FORT WAYNE, IND. – NOV. 14, 2022 – In an effort to educate more caregivers on the importance of safe sleep for infants, Parkview Health is offering an innovative safe sleep education program for Fort Wayne Community Schools (FWCS) students.
Nurses from the Parkview Community Nursing team, who work with FWCS to support the district’s health and wellness initiatives, are teaching safe sleep and basic infant care courses to all eighth-grade students this semester. Students in this age group are often babysitters or caregivers to siblings at home.
“Often, only a parent receives education about safe sleep. The reality is that babies have multiple caregivers, including siblings, babysitters and other family members – it’s vital that all of them know about safe sleep,” said Erin Norton, director of community outreach, Parkview Women’s & Children’s Hospital. “Previously, this training was only available to area students through babysitting courses, so we are excited to expand it to all eighth graders. Infant deaths caused by unsafe sleep are preventable, so we can save more lives as we train more caregivers.”
“We are very happy and excited to bring this important information to our students,” said Mary Hess, director of health and wellness, FWCS. “It will allow them to more safely care for younger children, whether that be at home or while at a babysitting job. These skills, while simple to learn, can have a huge impact because they have the potential to save lives and help shape the parents of the future.”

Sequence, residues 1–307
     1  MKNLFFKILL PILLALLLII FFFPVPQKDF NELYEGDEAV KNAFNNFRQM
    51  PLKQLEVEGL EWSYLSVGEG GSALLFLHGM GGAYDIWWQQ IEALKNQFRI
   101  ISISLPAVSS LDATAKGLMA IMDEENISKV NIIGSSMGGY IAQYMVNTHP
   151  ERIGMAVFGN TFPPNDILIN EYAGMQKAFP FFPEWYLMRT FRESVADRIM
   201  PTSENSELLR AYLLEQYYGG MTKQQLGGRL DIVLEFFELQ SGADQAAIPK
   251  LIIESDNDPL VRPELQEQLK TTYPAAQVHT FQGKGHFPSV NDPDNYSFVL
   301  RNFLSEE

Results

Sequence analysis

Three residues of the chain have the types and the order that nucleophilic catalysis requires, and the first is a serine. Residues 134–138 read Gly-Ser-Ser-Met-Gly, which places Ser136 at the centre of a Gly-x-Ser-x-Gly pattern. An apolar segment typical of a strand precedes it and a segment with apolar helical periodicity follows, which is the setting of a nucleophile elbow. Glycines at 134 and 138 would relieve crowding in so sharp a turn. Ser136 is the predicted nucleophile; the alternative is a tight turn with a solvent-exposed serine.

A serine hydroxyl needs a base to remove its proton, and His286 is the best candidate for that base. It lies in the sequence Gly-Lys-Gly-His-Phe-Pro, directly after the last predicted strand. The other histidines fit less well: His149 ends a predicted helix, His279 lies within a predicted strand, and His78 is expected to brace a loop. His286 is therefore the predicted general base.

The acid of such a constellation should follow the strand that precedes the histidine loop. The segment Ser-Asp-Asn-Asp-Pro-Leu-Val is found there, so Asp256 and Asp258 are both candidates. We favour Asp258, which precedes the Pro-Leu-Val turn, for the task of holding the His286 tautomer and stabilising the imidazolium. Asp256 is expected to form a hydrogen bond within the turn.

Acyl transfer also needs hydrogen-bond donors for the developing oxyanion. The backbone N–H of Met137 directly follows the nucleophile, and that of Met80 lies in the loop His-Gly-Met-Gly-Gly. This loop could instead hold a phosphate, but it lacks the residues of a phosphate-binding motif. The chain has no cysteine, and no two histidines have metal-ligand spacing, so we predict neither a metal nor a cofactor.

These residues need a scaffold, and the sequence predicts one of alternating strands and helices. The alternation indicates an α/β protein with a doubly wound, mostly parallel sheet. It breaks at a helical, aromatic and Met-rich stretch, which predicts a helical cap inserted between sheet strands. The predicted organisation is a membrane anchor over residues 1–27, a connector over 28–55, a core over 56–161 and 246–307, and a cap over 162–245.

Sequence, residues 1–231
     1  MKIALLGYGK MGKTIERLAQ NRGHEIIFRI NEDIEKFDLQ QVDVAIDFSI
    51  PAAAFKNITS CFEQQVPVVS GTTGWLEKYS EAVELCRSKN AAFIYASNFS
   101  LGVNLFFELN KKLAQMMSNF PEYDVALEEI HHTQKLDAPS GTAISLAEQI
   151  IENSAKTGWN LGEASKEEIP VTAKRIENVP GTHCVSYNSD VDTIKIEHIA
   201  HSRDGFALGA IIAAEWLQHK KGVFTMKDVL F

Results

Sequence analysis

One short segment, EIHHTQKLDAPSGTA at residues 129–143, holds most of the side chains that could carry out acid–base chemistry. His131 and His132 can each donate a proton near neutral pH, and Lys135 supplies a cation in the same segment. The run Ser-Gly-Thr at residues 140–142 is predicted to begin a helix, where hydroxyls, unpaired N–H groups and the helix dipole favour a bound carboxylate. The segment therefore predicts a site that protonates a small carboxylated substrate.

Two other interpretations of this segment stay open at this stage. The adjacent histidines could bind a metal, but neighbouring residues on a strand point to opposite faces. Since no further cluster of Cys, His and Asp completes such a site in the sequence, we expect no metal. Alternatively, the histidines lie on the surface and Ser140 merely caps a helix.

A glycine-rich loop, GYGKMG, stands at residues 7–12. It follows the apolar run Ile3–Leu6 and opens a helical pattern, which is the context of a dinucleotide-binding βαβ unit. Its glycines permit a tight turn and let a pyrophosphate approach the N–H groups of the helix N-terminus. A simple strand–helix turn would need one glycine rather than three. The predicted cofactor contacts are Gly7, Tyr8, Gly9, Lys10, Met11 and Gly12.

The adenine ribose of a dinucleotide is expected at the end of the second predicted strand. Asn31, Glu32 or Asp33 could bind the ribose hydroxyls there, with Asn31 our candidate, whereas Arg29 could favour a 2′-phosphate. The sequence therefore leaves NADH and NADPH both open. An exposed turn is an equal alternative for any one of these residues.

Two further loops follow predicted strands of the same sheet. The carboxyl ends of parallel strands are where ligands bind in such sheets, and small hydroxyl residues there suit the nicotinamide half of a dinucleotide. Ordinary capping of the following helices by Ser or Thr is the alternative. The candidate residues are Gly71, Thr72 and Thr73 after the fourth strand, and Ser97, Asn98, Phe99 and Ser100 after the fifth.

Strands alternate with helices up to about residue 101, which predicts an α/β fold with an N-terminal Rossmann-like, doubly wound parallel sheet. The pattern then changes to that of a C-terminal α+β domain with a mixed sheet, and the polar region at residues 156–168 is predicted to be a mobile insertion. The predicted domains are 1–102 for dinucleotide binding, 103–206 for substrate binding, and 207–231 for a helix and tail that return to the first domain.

Safe sleep education is a key factor in reducing Indiana’s infant mortality rate. According to the Indiana Department of Health, 16.5% of infant deaths are sleep-related.
To give students a better understanding of the importance of safe sleep practices, the Parkview Community Nursing team will use Safe Sleep Simulation kits, which were developed by Parkview Health co-workers using feedback from community educators and safe sleep advocates. These unique kits provide a hands-on learning experience and audio-visual demonstrations using a 3D infant model and mobile application
“Safe Sleep Simulation allows caregivers to hear about and see how babies are actually safest when following the ABCs – sleeping Alone, on their Back, and in their Crib. The simulation addresses the common misconception that infants will choke on their vomit or spit-up,” said Lisa Clemens, co-founder of Safe Sleep Simulation. “The idea behind the Safe Sleep Simulation kit is that the use of visual and auditory cues, in addition to experiential learning, will help caregivers adhere to those safe sleep practices.”
Safe sleep training for FWCS students started in October and will continue through mid-December.